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mercredi, 05 octobre 2011

U.S. Plan to Invade Brazil


U.S. Plan to Invade Brazil

Ex: http://xtremerightcorporate.blogspot.com/

Not many people know how close the United States came to invading, of all places, Brazil during World War II. Most know that Brazil did finally enter the war as one of the Allied nations and the Brazilian expeditionary force saw action in the later phase of the conflict in Italy against the forces of Nazi Germany and the Italian Social Republic. However, how Brazil came to that point is a sordid tale of diplomatic pressure and military threats against the Brazilian dictator President Getulio Vargas. Today, as with so many others, Vargas is labeled by historians as an example of a far-right dictator but actually moved from right to left and back again in terms of his policies. However, he did finally adopt elements of syndicalism and the “New State” idea first enacted in Portugal by their last great leader Prime Minister Antonio Salazar. President Vargas doubtlessly admired some of the principles of the fascist trend that was sweeping Europe but, more than that, he really had no desire to enter World War II and, as far as Brazilian national security went, was more concerned with Argentina than Germany or Italy. Vargas also had to be wary of taking sides since his army tended to favor the fascist powers while his air force and navy tended to favor the Allies.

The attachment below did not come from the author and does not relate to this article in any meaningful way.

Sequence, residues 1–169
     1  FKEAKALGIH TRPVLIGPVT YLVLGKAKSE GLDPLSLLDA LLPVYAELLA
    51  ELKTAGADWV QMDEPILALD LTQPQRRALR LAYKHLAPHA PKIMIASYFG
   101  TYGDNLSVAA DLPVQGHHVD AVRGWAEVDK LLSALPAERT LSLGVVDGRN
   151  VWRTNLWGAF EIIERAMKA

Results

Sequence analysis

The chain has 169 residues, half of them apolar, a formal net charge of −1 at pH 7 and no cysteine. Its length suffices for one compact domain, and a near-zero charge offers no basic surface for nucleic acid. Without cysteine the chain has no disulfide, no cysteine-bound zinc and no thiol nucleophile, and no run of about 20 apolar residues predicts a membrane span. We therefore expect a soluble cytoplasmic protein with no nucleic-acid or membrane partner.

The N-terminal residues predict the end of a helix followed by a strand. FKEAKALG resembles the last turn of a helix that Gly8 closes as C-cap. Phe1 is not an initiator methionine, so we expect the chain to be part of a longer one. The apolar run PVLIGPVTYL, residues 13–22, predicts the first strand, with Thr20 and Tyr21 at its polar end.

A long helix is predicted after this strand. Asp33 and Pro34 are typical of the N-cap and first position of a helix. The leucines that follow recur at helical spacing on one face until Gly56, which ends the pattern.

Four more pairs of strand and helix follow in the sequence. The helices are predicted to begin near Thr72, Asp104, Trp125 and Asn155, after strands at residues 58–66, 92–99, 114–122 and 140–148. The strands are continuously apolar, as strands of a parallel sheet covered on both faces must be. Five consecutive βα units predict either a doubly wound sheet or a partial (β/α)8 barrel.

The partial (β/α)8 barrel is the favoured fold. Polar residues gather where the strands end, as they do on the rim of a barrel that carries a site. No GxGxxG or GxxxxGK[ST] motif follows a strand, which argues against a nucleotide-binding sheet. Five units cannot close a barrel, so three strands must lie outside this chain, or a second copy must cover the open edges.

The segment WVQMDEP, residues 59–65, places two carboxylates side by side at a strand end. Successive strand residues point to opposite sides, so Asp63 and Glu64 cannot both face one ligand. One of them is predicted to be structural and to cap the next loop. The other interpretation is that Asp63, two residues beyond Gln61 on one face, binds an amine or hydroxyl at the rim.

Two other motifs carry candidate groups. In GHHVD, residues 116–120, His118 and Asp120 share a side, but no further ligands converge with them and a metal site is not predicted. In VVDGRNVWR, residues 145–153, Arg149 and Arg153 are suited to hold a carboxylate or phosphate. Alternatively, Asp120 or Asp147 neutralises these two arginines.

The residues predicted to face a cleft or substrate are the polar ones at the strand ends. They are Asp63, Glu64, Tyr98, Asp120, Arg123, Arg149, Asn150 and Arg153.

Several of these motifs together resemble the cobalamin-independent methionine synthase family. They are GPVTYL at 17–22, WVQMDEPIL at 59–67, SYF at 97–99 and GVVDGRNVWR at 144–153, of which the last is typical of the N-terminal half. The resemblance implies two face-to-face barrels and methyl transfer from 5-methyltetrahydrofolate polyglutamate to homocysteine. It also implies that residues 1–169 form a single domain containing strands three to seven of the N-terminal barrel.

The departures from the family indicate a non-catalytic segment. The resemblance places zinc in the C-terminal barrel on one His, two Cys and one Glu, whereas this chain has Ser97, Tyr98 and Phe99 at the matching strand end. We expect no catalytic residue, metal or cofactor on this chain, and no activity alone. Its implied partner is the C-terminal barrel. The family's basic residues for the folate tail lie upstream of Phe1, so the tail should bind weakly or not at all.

The Roosevelt administration was very concerned about Brazil, mostly due to the wealth of natural resources available in the country. They claimed, naturally, that they were worried about Axis aggression against Brazil and South America -famously putting out a forged Axis “war plan” that, among other ludicrous lies, called for Axis forces, having conquered Africa, to jump the Atlantic gap over to Brazil. President Vargas, of course, knew that there was no more danger of Germany and Italy invading Brazil than of them invading Mars. However, he knew he had to keep on friendly terms with the United States which was a much more immediate threat and which, through the Monroe Doctrine, had long claimed all of the Americas as their exclusive sphere of influence. Vargas did such a good job at this that the State Department diplomats in Brazil reported to Washington that they really had no idea which side he was really on. FDR had his State Department strongly “suggest” that Vargas request U.S. military support to strengthen his defenses against possible German and Italian aggression.